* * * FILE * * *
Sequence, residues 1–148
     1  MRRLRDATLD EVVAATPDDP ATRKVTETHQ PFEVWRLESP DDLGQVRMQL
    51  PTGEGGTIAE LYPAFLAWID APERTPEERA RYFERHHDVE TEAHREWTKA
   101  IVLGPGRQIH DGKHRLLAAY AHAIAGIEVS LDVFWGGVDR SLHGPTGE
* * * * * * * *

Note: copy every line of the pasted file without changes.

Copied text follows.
Sequence, residues 1–148
     1  MRRLRDATLD EVVAATPDDP ATRKVTETHQ PFEVWRLESP DDLGQVRMQL
    51  PTGEGGTIAE LYPAFLAWID APERTPEERA RYFERHHDVE TEAHREWTKA
   101  IVLGPGRQIH DGKHRLLAAY AHAIAGIEVS LDVFWGGVDR SLHGPTGE